[Gluster-users] Configuration suggestions (aka poor/slow performance on new hardware)

Ed W lists at wildgooses.com
Wed Mar 31 09:40:35 UTC 2010

On 31/03/2010 06:14, Tom Lanyon wrote:
> On 31/03/2010, at 2:36 PM, Raghavendra G wrote:
>> Current design of write-behind acknowledges writes (to applications) even
>> when they've not hit the disk. Can you please explain how this design is
>> different (if it is different) from the idea you've explained above?
> Is this gluster method of write-behind acknowledging the writes before they've left the client? The method Ed was describing is that the write is acknowledged only once its reached the server (and a defined number of replication targets), even though it hasn't hasn't been written to disk on the server yet. This is a hybrid approach which safeguards against client power failure before the write (which has already been acknowledged) gets pushed to any servers, but improves performance over end-to-end write-through as it does not wait for the write acknowledgement from the physical disk(s).

Agreed.  So assuming say one client talking over network to a 100 server 
replicas (absurd for the purposes of clarification)

Our safety levels are:

1) ACK sent as soon as app sends data to the client OS and before it's 
even left the client machine. Complete data loss possible if the client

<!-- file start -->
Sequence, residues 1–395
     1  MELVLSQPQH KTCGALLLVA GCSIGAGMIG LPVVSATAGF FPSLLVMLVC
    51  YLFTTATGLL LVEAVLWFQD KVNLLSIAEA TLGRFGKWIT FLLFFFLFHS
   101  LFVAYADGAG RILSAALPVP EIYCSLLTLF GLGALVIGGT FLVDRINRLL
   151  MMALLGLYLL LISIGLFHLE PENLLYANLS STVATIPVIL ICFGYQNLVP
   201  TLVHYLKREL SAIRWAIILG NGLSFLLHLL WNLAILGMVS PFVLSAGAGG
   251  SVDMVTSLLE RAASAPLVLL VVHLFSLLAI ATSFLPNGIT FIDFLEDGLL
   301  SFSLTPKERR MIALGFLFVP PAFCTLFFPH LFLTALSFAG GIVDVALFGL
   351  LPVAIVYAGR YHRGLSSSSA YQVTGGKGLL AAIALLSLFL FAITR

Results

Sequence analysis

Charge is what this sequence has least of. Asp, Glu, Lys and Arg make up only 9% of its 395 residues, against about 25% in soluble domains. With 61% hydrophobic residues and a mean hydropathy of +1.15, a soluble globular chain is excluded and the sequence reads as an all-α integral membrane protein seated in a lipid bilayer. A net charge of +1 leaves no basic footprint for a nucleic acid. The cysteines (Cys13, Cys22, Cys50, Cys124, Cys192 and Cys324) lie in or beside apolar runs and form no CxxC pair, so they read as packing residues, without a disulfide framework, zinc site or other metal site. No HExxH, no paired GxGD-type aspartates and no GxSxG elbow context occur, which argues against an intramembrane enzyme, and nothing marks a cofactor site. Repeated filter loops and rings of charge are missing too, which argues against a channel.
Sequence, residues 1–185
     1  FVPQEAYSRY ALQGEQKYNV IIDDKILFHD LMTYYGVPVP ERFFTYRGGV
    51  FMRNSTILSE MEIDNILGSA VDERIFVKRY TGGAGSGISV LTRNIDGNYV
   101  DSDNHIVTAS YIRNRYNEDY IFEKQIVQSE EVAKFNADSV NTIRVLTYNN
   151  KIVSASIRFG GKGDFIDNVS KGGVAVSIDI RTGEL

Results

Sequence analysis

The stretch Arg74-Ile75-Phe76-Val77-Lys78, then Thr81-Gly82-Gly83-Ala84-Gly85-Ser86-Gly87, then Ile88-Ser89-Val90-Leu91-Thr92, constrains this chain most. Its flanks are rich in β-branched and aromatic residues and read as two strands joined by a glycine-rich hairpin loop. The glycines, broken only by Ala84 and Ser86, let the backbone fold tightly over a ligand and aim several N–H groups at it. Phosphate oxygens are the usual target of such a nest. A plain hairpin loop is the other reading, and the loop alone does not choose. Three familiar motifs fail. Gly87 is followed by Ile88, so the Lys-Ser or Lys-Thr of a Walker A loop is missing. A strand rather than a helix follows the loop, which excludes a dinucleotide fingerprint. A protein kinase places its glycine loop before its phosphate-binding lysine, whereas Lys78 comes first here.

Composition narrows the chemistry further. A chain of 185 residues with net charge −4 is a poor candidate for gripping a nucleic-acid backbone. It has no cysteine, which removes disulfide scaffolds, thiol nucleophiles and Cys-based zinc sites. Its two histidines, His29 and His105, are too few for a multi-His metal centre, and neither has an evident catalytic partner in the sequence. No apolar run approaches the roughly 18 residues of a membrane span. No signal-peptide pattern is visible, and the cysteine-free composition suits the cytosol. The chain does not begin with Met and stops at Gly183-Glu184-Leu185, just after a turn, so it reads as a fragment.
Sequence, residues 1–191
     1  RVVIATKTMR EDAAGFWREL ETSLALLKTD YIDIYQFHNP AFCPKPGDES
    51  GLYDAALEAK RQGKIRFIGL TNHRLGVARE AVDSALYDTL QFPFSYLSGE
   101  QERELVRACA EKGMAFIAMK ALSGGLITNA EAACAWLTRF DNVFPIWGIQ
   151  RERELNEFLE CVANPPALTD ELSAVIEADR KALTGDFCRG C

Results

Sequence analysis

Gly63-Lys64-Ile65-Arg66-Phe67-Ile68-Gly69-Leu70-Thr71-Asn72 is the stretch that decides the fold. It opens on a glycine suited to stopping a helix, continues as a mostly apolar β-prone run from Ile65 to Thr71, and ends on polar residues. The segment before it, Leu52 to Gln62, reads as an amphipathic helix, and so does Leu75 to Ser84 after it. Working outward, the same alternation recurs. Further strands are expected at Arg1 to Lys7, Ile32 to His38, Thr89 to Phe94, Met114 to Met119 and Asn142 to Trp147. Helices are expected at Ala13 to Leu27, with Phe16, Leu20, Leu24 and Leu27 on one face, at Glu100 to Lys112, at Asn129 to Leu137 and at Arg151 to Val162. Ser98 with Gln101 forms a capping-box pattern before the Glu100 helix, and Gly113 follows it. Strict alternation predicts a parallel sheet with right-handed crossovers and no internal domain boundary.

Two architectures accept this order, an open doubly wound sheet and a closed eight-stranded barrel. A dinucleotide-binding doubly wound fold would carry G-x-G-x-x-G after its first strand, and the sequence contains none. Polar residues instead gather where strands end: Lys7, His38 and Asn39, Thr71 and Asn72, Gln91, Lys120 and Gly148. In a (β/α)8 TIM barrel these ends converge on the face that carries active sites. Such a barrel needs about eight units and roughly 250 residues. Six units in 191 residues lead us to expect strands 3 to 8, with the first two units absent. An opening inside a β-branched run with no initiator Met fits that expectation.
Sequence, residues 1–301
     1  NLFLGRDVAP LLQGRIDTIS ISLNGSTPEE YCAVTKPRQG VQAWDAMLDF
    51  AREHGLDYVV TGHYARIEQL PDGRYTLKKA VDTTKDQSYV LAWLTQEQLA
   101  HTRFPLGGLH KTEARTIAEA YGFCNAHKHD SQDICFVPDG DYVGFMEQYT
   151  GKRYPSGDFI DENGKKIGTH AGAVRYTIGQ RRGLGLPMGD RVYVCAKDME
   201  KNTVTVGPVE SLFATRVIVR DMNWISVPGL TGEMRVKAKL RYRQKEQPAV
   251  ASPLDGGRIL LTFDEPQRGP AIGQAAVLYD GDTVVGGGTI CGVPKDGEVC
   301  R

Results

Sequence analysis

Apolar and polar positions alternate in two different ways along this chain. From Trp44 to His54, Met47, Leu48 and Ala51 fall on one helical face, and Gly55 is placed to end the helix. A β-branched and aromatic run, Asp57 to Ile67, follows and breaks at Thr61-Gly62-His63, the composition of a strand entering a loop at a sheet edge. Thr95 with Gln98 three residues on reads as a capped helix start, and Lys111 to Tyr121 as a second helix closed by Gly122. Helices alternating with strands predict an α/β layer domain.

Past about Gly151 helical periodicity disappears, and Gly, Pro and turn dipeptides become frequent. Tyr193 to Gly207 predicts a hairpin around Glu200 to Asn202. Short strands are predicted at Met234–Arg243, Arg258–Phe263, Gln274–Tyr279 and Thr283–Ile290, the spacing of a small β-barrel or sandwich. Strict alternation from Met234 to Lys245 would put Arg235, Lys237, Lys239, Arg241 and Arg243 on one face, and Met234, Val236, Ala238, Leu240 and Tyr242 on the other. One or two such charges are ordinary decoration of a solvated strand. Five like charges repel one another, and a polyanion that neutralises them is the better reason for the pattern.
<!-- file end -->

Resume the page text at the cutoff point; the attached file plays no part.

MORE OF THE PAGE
is unplugged/dies at that instance. (weak / fast)

2) ACK sent only once data sent to all 100 replicas AND data written to 
disk. Data loss only possible if all replicas are lost. (strong / slowest)

3) ACK sent once X server machines have received the request (to ram).  
Data loss possible if all server machines lost before they write the 
request to disk. Good compromise of speed vs reliability guarantees

In the simplest situation of a single server then we have roughly 
achieved the effect of moving the writeback cache to the serverside.  In 
the case of multiple servers with exactly equal latency to the client 
then we have roughly achieved the same as moving writeback cache to 
serverside on all servers.  In the case of non equal latency between 
client and server, or with server side replication, or with very busy 
servers then we gain a performance improvement due to the lower latency 
before the ACK sent to the client

I thought this was a very clever technique and actually very compatible 
with the gluster philosophy (independent bricks)

Ed W

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